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As expected, thefts are rising
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Many communities throughout California - Ceres included - are experiencing dramatic, double-digit increases in property crime as revealed in statistics comparing January through June of 2012 to the same period in 2011. In Stanislaus County, the number of auto thefts has made a quantum leap, residential and business burglaries are happening in significantly higher numbers and so it seems, just about anything that is not "bolted down" is likely to get stolen. This should be no surprise to anyone in light of the passage and implementation of Assembly Bill 109, which is also known as "realignment." In effect, AB 109 pushes or diverts convicted criminals from the state penal system into local communities and jurisdictions.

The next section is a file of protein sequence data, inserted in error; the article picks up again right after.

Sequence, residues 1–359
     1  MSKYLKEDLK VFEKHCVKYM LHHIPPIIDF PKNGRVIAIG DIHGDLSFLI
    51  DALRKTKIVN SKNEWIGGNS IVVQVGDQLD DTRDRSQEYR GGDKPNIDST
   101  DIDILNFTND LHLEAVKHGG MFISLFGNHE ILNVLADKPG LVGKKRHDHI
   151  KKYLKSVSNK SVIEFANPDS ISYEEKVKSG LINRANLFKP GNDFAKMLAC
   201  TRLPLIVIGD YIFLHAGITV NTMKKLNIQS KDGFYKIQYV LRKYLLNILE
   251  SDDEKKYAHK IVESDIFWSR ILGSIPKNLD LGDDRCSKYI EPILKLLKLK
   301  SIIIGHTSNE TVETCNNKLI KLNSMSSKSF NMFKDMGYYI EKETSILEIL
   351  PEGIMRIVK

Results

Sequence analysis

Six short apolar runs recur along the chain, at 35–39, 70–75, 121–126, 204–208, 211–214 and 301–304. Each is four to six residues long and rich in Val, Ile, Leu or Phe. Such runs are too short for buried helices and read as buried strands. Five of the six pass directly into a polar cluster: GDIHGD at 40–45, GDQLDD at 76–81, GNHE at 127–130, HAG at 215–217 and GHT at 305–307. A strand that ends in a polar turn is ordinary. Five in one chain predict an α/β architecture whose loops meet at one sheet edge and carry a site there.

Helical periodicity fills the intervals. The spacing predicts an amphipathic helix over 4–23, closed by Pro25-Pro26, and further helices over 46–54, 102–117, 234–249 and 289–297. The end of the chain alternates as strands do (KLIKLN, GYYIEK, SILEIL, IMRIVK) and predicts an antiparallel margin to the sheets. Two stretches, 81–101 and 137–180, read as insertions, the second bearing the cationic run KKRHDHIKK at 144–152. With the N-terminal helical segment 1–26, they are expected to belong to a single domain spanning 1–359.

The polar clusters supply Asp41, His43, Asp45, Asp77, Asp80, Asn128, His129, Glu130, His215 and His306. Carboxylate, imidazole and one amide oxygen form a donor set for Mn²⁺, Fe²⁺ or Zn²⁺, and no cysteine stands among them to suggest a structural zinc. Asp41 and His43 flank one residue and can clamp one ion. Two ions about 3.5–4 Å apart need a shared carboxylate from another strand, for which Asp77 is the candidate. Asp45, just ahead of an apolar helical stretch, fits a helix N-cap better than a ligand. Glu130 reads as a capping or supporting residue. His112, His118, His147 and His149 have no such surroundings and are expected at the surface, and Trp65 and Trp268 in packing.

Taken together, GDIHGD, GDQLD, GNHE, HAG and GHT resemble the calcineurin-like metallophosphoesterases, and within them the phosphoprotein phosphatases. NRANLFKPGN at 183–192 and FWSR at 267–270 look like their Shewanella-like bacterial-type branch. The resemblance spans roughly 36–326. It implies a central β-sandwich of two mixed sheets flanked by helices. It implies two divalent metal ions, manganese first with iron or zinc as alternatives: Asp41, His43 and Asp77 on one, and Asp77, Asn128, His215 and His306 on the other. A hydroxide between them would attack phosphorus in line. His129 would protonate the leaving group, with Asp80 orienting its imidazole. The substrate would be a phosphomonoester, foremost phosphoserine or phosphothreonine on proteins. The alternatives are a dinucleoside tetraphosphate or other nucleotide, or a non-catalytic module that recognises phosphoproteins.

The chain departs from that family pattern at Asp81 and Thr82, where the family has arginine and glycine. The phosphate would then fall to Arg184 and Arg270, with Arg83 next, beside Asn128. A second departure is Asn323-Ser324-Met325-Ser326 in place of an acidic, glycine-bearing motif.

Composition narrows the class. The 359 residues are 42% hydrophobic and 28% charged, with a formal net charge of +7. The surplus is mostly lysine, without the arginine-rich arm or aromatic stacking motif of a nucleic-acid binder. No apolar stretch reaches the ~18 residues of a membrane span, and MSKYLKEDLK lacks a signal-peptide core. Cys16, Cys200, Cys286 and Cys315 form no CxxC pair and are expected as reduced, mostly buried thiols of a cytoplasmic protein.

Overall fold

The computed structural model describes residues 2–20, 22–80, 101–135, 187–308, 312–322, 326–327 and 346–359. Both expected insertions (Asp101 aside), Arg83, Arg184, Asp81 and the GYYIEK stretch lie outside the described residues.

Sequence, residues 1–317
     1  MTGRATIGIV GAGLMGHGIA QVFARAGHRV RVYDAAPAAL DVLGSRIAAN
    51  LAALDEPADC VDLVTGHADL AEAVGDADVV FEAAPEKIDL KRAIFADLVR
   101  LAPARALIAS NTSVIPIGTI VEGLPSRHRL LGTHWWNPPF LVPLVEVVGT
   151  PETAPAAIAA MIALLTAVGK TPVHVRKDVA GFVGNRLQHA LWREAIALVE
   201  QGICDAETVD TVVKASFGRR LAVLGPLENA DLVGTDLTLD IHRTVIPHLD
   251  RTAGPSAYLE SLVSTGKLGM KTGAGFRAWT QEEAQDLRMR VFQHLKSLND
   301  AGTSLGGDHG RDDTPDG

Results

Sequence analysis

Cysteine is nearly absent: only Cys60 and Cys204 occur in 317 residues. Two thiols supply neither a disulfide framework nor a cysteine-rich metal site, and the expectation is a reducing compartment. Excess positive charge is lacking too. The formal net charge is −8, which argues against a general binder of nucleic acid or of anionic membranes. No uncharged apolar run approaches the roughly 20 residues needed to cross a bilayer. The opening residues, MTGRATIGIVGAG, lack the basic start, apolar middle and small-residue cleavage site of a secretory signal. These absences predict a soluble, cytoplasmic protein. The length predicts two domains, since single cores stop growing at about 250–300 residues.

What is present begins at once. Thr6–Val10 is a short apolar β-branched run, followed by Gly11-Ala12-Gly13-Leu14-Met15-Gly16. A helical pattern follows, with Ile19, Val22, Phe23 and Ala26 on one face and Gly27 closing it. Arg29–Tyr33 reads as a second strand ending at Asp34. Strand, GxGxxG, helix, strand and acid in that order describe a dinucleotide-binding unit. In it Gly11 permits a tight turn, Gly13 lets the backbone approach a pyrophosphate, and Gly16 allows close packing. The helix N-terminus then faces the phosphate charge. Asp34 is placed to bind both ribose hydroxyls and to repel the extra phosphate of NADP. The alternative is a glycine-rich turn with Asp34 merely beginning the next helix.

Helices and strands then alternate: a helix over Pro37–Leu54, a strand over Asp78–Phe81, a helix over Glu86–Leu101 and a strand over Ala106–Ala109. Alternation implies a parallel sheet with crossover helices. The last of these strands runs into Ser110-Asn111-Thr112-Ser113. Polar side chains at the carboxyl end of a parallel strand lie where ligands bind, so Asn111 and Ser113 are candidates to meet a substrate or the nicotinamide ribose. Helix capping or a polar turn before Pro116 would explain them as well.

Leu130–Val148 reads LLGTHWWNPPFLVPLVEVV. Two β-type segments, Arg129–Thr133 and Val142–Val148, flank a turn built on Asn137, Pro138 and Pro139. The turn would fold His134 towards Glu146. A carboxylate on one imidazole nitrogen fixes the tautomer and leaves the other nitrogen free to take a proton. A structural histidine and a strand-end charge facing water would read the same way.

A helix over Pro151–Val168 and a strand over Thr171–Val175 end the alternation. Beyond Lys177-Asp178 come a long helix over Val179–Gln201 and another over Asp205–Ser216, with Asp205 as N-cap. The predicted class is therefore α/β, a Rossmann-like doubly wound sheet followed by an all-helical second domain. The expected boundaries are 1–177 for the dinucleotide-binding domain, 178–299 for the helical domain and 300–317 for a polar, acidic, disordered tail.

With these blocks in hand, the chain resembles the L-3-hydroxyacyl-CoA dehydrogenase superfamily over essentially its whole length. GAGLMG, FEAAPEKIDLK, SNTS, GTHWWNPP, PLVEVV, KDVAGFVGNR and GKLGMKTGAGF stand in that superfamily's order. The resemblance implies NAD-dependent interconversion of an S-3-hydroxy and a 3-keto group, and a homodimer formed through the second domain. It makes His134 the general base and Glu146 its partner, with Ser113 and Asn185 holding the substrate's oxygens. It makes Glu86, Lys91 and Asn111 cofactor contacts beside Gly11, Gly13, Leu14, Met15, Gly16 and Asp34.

One of the questionable aspects of AB 109 is that it asserts to redirect alleged "non-violent" offenders from the state system to local counties and communities. Many of these alleged non-violent offenders actually have histories of violence in addition to their property crimes, fraud and other offenses. In California, it takes many convictions to actually end up in state prison, and now with the state's ill-conceived, money-saving scheme, the system that is supposed to protect innocent people from criminals is now substantially weakened. It is the people who live work-a-day lives that bear the brunt of these kinds of policy changes, and what makes matters worse, the convicts on early-release or who end up here owing to "realignment," are really left to themselves. They stand little chance of succeeding in society and many of them end up homeless on the streets. And if they cannot succeed, they continue with their lives of crime. In effect, the state is trying to balance its budget on the backs of law-abiding citizens whose chances of being victimized are now significantly higher.